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June 7, 2012 - Cancer survivor Michael Cohen rode his bicycle across the country this spring to inspire others dealing with the disease to keep going one pedal at a time. He started the 3,000-mile haul April 1 in San Diego where he finished his treatment for acute lymphoblastic leukemia at UC San Diego Moores Cancer Center with Dr. Edward Ball. Cohen’s cancer has been in remission for six years.
During the journey across country, he stopped by the side of the road in Mississippi to take a sip of water and have a snack.
“I looked down and I saw that my legs were sunburned. I squeezed my legs and I thought, ‘Those legs just took me across the country,’” Cohen said. “When I was in treatment those legs couldn’t carry me up the stairs. I couldn’t walk without a cane and now, those same legs carried me across the country.”
He ended the journey in New York on May 11, visiting the oncologist who helped him start cancer treatment when he was diagnosed at 19 years old.
But like the cancer treatment that saved his life, Cohen questioned his ability to get through the trek across country. On the second day of the trip, as he climbed a 7,000-foot incline on his way through Arizona, he thought about stopping the ride.
“It was just like when I was dealing with the cancer treatment, I had to focus on just that one moment, that one pedal, to get up the mountain,” Cohen said. “I knew that if I did not keep up my momentum, I wouldn’t be able to make it.”
To finance the trip, the young man quit his job and sold his car. Two friends joined him along the way, riding seven to ten hours a day, logging about 85 miles. Another friend followed in a van with supplies. Cohen stopped off at the houses of friends and family and occasionally stayed in hotels.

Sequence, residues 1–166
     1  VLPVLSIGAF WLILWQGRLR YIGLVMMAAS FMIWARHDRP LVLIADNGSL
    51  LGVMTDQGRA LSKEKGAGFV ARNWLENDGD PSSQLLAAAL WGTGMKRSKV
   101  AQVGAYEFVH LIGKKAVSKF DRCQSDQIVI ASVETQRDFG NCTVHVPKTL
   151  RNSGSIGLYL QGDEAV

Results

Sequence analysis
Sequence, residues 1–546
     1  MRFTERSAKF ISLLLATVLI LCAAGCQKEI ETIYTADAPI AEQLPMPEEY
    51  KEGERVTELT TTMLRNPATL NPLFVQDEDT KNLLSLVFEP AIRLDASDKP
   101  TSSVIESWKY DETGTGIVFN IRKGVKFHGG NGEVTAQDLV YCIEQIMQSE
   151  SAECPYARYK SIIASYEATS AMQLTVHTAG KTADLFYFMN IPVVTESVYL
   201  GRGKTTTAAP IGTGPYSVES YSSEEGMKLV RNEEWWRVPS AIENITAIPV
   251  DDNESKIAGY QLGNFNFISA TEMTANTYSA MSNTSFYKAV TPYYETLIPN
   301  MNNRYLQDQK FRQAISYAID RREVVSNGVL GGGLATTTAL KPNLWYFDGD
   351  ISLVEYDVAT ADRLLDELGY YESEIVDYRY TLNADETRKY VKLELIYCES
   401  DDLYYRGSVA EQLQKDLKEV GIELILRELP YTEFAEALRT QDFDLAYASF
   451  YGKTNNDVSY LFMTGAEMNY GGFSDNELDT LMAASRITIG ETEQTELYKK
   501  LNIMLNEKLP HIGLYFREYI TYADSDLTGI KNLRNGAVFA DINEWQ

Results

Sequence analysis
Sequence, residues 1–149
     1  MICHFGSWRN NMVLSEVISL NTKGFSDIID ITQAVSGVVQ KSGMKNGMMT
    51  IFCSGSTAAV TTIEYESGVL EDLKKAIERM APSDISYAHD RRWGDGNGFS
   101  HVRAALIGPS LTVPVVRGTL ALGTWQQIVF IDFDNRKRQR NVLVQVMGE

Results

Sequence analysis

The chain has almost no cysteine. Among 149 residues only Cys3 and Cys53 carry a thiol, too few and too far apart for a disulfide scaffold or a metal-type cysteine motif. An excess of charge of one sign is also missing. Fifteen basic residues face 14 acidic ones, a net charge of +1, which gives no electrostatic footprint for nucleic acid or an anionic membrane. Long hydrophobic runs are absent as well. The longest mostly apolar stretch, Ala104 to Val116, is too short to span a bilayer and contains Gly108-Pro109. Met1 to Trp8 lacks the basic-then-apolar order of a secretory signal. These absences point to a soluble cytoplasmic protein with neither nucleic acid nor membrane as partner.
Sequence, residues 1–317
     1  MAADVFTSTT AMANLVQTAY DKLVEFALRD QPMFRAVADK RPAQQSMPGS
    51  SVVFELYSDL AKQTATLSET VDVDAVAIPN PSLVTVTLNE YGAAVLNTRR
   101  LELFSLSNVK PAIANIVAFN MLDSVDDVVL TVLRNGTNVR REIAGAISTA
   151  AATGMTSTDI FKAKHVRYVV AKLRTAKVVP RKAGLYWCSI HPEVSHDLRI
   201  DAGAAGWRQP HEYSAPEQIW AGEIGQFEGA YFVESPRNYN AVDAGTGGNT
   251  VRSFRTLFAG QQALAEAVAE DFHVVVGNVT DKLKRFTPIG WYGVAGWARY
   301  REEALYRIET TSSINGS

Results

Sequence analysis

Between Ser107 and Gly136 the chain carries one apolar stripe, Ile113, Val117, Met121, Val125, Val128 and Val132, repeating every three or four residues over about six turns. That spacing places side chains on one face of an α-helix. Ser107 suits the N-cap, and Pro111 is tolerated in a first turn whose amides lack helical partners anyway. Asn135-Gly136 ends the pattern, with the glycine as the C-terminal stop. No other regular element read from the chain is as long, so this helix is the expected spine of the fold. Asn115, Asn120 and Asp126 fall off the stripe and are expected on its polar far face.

Bicycling helped Cohen regain his vigor. During treatment, he could only lift a single pound weight from his mother’s pink dumbbell set. Now he can lift 35-pound weights. Running tore up his knees and left him exhausted, but bicycling opened a new world of health and adventure.
Now that he has returned home to San Diego, he is continuing to work on his nonprofit, A Second Spin Foundation, which helps other cancer patients stay on track during their treatment and continue to accomplish their goals. “For dancers, we want to help them stay in class, for athletes, we want them to be able to play the sport the best they can during treatment and regain their strength after they finish.”
“I would tell anyone who has been diagnosed with cancer to never let go of their dreams. Cancer is a very powerful word, but it is not strong enough to stop anyone’s dreams and goals.”
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